This tutorial from professional video editor Ben Halsall goes over some essential tips for audio management in Final Cut Pro X. He goes over audio levels, mixing production music, and how to edit audio for techniques such as L cuts.
“Looking for free action elements for your video projects? Want HUNDREDS of free action elements? Well, you’re going to love this.
Whether you’re a video editor, VFX artist, or compositor, chances are you probably use elements on a regular basis. This is especially true if you are working on an action film. However, if you’ve done your research, you know that good action elements can be really expensive.” – Caleb Ward | Premium Beat
Increasingly, color grading is being handled by video editors working on laptops and desktops instead of calibrated displays. Here are some ways to make this reality work for you.
“Professional color grading applications have plummeted in price from six figures to zero. Meanwhile, accurate, grade-quality monitors have continued to remain expensive and out of reach. This bifurcation of technology has created a whole generation of people doing color work on video without the ability to evaluate the results on a properly calibrated display.
First off, a caveat: it is a much better experience to color grade in an environment suited for accuracy with a color-calibrated display. The problem with color is that it is so hard to do right, and so easy to really screw up.
If your pipeline includes finishing in a color suite with a skilled colorist, then stop reading now. If, however, you are part of the vast majority of people doing color work for video who are precisely NOT colorists, then this article will have some helpful tips to get you through to the finish line.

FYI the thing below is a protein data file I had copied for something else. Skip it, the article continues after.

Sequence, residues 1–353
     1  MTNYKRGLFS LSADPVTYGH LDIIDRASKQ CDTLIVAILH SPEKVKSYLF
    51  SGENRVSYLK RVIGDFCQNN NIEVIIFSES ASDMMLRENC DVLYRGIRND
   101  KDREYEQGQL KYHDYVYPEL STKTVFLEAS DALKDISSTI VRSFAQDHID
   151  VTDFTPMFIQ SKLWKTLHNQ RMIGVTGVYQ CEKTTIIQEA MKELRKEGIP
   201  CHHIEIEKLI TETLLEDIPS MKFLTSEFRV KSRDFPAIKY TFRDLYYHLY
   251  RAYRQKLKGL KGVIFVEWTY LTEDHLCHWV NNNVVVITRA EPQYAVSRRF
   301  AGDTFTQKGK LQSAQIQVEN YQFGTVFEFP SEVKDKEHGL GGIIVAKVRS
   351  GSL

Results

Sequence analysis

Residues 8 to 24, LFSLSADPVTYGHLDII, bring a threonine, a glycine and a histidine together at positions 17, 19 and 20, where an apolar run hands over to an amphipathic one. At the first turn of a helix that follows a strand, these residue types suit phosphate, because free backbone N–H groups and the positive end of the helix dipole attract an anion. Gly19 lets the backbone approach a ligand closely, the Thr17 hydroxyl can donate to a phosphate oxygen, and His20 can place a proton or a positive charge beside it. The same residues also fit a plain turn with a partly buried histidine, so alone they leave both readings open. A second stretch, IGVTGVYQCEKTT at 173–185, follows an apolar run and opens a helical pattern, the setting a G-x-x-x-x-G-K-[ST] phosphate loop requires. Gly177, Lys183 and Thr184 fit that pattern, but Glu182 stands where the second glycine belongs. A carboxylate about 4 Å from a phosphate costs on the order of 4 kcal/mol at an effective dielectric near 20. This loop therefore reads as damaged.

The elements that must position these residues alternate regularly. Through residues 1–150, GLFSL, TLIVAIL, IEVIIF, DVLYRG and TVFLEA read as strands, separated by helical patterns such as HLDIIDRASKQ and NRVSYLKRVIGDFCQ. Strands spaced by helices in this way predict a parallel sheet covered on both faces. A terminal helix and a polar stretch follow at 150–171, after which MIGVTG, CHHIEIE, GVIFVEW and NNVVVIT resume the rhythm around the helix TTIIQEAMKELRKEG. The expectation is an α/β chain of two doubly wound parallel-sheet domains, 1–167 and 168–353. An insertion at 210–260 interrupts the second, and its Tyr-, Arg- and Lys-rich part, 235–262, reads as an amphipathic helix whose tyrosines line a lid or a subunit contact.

Increasingly, color correction and grading is being handled by editors on portables and desktops, creating content that will live on mobile phones and in someone’s Facebook feed. For most content, color doesn’t need to be perfect — it just has to be in the ballpark.” – Eric Escobar | Premium Beat
“If your goal is to master the art of editing, you’re going to need to know the essential cuts to use when editing a film or video. Let’s go through eight of these and look at some examples of each. For said examples, we’ll be using excerpts from various films — but keep in mind that you can use these same cuts in any editing session, be it narrative, documentary, commercial, industrial, or even animation.
1. The Standard
The hard cut is the basic type of cut in editing. This type of cut is utilized when you want to cut from clip to clip without any type of transition, or where you cut from the end of one clip to the beginning of another. The only down side of the hard cut is that (out of all the cuts we’ll talk about) this one gives the least amount of visual meaning. To give you a quick overview of the history of cutting, here is a great video from Filmmaker IQ.
2. Jump Cut
The jump cut is a technique which allows the editor to jump forward in time. We see an early version of this technique in Eisenstein‘s Battleship Potemkin, where the battleship fires a mortar round and we watch the destruction as various angles jump cut from one to another. In this very early version of the jump cut, contemporary audiences were introduced to a new way of time passage in film. It obviously gained traction and is one of the most used types of cuts today next to the hard cut.” – Johnathan Paul | Premium Beat
“Today’s video editing applications like Adobe Premiere, Apple Final Cut Pro, Avid Media Composer and Sony Vegas are affordable, accessible and incredibly powerful tools for video postproduction. Video editing programs like these let you do way more than just edit video clips together. They allow you to turn ordinary edits into polished, professional video productions. These 5 tips will help you UP your editing power.” – Videomaker.com